What Are the Stages of Alzheimer’s?
What are the stages of Alzheimer’s? This is a frequently asked question because everyone seems to know what the early stages are, but not so much what the later stages are. The confusion comes from the fact that there are different types of Alzheimer’s. A lot of people believe that if they notice any changes in their memory or behavioral abilities that it is Alzheimer’s. Actually, there are four stages of Alzheimer’s and the descriptions of them are as follows:
In the first stage, the person may have difficulty paying attention, having short-term memory loss and repeating things. The second stage starts when the person starts repeating phrases or words that he or she has heard many times before. They also find it difficult to remember where they put things or which object they are holding. In the third stage, the person’s cognitive ability is beginning to decline and his or her verbal communication is reduced to limited speech.
The fourth and final stage is called the dementia stage. When the person reaches this point, his or her cognitive ability has totally collapsed. Alzheimer’s disease moves from the first stage to the second one and then from the second to the third one. If it advances to the third stage, it is already considered to be an Alzheimer’s disease.
What are the stages of Alzheimer’s? There are actually no specific times in a person’s life when he or she is at risk of developing Alzheimer’s. The development of this disorder typically begins in the late thirties or early forties. However, the earlier the disease is detected, the better are the chances of stopping it. In addition, there are some people who show no signs of having Alzheimer’s while they are actually experiencing the third or fourth stage.
How are the stages diagnosed? In Alzheimer’s cases, the doctor checks the person’s mental status with several different types of tests, such as cognitive function tests and imaging tests. Another test is conducted using magnetic resonance imaging (MRI). After the results of these tests are in, the doctor can conclude whether the person is experiencing either a mild or a severe case of Alzheimer’s.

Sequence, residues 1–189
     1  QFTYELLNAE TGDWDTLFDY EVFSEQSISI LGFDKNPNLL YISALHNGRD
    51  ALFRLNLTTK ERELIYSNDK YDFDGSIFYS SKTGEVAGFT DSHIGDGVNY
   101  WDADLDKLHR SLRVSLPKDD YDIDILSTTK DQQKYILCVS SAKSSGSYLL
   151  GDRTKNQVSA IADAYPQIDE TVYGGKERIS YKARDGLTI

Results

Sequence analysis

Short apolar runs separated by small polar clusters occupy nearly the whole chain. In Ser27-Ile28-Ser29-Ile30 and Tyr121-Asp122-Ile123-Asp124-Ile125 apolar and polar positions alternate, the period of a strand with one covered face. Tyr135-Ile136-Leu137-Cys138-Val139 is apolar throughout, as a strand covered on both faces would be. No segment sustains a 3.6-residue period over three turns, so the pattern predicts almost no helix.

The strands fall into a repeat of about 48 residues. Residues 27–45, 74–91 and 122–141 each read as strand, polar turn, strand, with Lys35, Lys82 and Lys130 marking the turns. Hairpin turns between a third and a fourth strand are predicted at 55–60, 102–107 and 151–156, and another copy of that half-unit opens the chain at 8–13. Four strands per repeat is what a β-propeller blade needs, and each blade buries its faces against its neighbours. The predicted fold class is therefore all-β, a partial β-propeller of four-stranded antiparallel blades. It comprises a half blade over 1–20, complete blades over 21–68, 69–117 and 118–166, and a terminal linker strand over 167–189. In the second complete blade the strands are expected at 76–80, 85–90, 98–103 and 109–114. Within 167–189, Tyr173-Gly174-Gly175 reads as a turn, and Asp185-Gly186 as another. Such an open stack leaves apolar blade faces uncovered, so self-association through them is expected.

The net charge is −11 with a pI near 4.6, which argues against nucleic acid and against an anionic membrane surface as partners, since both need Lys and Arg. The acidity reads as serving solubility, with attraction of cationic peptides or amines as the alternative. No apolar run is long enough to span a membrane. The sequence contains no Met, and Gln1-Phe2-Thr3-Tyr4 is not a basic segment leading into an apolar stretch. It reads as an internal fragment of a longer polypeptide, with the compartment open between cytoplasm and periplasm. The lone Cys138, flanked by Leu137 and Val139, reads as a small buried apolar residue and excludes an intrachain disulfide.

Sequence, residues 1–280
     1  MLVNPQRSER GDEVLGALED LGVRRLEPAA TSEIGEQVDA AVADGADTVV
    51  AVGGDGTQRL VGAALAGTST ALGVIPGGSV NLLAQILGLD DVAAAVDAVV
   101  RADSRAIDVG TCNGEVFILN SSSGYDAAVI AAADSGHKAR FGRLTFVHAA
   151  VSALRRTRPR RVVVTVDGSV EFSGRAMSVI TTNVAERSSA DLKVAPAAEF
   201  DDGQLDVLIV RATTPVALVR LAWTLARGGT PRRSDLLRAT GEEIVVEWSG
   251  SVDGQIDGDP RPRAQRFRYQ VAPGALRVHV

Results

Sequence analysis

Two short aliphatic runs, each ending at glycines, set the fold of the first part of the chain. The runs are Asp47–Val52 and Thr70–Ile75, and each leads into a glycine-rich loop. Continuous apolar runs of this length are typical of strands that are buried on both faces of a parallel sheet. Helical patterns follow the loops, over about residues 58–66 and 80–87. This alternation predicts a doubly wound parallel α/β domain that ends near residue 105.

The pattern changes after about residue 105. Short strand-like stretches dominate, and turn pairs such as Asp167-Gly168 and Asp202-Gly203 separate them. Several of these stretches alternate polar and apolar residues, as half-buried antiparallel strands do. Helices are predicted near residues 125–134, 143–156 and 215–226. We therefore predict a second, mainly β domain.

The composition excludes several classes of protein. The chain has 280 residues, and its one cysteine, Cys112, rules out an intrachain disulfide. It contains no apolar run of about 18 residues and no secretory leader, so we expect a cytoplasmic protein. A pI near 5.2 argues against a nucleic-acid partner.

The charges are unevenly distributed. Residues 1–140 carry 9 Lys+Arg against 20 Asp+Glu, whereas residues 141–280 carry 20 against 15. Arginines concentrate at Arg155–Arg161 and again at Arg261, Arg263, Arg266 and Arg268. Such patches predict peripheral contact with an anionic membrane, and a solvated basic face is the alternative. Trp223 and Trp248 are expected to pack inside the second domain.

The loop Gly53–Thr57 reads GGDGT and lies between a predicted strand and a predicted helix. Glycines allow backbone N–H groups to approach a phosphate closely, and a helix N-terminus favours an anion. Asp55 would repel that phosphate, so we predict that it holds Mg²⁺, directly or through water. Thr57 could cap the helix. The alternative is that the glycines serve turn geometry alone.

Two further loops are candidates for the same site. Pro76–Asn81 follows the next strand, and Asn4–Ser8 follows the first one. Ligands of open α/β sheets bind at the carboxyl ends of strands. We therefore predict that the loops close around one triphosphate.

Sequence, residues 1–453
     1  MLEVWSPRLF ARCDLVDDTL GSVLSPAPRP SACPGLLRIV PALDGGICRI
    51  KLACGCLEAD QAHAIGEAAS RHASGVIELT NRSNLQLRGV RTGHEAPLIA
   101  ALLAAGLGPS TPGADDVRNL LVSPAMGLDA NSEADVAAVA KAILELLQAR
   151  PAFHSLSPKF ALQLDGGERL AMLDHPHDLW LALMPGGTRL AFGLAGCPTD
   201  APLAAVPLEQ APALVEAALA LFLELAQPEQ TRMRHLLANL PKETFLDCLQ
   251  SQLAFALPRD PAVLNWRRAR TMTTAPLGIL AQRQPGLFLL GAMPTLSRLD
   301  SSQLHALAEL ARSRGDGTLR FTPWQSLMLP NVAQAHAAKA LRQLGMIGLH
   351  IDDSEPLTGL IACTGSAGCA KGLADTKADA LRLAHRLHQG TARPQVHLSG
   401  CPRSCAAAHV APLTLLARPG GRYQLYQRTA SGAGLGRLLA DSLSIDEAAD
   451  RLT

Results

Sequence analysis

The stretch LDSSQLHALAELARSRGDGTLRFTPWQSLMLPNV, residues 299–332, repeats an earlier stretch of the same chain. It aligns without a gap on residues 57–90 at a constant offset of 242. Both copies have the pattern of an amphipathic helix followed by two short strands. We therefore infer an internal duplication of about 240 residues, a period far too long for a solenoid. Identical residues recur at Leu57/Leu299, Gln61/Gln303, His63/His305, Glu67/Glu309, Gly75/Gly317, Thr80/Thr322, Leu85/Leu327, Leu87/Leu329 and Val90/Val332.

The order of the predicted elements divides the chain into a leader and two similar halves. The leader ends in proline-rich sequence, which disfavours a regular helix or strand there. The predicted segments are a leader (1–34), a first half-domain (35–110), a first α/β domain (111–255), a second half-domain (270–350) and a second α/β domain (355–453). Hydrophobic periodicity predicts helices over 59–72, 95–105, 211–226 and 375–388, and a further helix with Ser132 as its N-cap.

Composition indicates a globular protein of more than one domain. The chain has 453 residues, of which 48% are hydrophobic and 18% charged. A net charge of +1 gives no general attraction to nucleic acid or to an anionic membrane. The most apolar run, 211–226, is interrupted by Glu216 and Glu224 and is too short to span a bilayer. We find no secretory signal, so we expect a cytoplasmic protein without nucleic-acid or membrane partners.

How are the first stage and the second stage defined? In the first stage, which is the mild stage, the person exhibits minor signs and symptoms of Alzheimer’s. The person may suffer from simple forgetfulness or minor memory problems. In the second stage, which is the moderate stage, the person exhibits moderate to severe cognitive impairment and also shows signs and symptoms of memory loss or confusion.
Since the first stage is the least severe among all the stages, it is the shortest one. Alzheimer’s patients in the first stage usually recover on their own. However, in cases where the first stage does not improve, the patient will need to undergo one of the following treatments in order for him or her to be able to have a good quality of life: the Stage I and Stage II Alzheimer’s therapies; Stage III and Stage IV Neuroimaging, Neuropsychological Assessment and Cognitive Therapy. When do you need the services of a professional to help treat your Alzheimer’s disease?
The diagnosis of Alzheimer’s disease is usually done based on a psychological assessment. If during the psychological assessment, the individual’s IQ is found to be below normal, it is then determined that he or she may have the first stage of Alzheimer’s disease. If there are several other mental disorders present, then the assessment will be conducted on a level three basis – the first stage is reached, but if the patient still has an IQ above normal, then he or she probably falls in the second stage. In the third stage, the patient will most likely show signs of memory loss, will experience flu-like symptoms and loss of communication skills. The last stage is the one where the person experiences extreme mental decline and will most likely die from Alzheimer’s disease if not treated properly.